The Bogong Moth Prepares to Migrate
Do you remember seeing the mass of Bogong Moths invade your neighbourhood? Perhaps you have seen them in the house around your pantry or clothes cupboard?
If you live along their migratory path, Bogong Moths will visit your backyard on their way to the alpine region where they will spend summer.
As they don’t feed during their summer dormancy they need to eat lots of food on their journey. They love the nectar of your backyard flowers such as grevilleas and will feed on them at dusk.
As the weather warms, your moths will continue their journey to the high country of the Snowy Mountains in southern New South Wales and the Victorian Alps.
During the day they will hide in the dark crevices in your backyard. Their wing pattern provides camouflage when they are resting.
At their destination in the Australian Alps another unique Aussie animal eagerly awaits their arrival.
The Bogong Moths are the main food source for the endangered Mountain Pygmy-possum.
This month, look out for Bogong moths. As the weather warms up in south-east Australia, these well-known brown moths are getting ready to make a big journey.
Bogong moths migrate several hundred kilometres each year. During spring, they fly from the lowland grassy areas up to the mountainous caves in the Snowy Mountains.
You better get out and see them now as they won't be around come summer. As the temperature heats up, Bogong moths sleep in caves, each overlapping one another - just like tiles on a roof!
In autumn Bogong moths fly back from the Snowy Mountains to the plains to feed on flower nectar to build up their energy again. They need fat reserves of up to 60 percent of their total bodyweight in order to survive their long distance travel.
Have a look for Bogong moths around houses and buildings, or when you go for a walk near a forest or woodland.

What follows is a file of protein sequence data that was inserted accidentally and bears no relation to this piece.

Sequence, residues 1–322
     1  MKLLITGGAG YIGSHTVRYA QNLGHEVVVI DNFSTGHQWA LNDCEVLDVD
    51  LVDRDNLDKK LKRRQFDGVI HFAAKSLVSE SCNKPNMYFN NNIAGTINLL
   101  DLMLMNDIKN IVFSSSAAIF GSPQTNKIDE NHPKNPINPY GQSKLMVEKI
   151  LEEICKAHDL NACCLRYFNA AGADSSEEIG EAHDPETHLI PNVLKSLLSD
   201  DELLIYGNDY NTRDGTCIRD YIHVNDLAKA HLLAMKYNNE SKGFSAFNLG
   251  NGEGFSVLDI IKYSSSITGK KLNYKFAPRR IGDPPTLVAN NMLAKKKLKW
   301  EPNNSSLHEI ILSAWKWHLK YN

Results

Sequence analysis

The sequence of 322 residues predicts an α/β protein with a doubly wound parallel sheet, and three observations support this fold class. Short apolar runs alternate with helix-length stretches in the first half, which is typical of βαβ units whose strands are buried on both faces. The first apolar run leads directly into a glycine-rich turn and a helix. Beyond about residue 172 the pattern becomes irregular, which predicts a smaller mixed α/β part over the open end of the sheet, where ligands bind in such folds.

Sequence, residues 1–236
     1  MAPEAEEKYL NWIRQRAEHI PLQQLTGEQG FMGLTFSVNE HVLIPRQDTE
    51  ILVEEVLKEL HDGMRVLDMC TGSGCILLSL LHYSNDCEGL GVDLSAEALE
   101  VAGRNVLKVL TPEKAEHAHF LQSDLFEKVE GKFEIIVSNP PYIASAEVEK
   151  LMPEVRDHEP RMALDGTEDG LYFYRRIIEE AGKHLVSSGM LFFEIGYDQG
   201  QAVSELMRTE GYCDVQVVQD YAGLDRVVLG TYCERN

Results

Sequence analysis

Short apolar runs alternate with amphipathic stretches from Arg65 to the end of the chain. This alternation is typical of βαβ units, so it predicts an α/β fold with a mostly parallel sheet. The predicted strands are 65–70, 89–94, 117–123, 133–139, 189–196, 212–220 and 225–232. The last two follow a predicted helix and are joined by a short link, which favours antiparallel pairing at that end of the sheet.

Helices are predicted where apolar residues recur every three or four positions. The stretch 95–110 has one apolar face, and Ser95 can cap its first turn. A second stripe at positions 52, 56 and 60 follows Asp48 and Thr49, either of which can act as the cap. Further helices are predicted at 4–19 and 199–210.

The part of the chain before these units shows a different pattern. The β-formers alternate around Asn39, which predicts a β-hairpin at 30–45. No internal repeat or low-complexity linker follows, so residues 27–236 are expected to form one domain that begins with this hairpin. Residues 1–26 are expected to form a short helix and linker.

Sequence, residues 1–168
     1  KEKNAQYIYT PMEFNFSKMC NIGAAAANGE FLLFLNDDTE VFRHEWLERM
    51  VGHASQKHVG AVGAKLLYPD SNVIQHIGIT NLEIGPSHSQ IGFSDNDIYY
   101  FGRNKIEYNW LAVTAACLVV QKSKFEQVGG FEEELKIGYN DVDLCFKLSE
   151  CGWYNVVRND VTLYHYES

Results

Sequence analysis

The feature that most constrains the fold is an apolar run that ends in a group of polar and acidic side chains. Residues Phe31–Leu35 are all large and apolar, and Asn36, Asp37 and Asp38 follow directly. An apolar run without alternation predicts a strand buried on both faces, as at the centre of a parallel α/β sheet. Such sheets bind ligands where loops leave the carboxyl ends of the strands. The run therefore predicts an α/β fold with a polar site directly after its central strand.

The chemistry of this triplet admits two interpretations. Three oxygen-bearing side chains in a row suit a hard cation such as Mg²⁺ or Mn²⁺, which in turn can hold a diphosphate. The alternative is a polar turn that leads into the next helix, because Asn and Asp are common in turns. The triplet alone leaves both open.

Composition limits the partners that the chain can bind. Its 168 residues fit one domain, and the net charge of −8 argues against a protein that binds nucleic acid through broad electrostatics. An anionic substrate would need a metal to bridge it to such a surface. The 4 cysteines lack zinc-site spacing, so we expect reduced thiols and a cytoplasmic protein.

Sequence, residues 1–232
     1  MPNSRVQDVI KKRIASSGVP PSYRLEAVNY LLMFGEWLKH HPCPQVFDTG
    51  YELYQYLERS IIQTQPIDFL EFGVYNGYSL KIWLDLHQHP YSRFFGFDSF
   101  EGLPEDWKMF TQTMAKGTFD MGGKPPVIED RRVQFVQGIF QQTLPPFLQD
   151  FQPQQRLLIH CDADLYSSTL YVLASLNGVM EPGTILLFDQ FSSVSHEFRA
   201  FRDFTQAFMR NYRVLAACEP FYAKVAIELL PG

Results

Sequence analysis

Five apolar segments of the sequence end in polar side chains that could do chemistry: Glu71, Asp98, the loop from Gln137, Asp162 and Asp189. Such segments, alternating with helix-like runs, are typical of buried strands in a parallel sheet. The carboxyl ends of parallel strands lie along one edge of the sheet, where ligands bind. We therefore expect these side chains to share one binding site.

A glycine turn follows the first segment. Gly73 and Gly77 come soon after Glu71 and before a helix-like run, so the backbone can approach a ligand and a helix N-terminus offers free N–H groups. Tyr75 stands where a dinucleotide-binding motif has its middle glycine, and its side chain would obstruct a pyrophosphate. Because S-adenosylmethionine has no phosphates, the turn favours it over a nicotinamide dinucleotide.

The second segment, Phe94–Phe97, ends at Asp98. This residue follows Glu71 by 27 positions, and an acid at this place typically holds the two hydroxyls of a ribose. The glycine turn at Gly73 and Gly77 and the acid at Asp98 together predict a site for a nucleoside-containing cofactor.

The best time to spot a few Bogong moths is at night. Look for them flocking to street lights, outdoor lights or even trying to get into well lit houses.
During the day, Bogong moths hide away in dark crevices. Their dark brown to blackish wings mean they are well camouflaged, unless there is great number of them all hiding in one spot!
Bogong moths live all over non-tropical Australia, but only appear to migrate in the south-east.
If you're in Canberra in late September or early November, look out for Bogong moths around major public buildings. These guys love to go sightseeing in the ACT at this time!
The Bogong moth may look unassuming, but it is a very important creature in the south-east of Australia. Many species, like Mountain Pygmy-possums, rely on Bogong moth migrations as a source of food.
DID YOU KNOW?
Before white settlement in Australia, Indigenous people feasted on adult Bogong moths in the mountains. These moths were rich in fat and a reliable source of food, as the moths spent the summer in the relative cool of the mountains before mating. Bogong moths were usually killed or dazed by heat and smoke from torches, then roasted and eaten whole. This cultural use is no longer practised today.
Plant locally native plants such as grevilleas in your garden to attract butterflies, small birds, and of course, the Bogong moth. Ask at your local plant nursery to find out what nectar giving native plants are local to your area.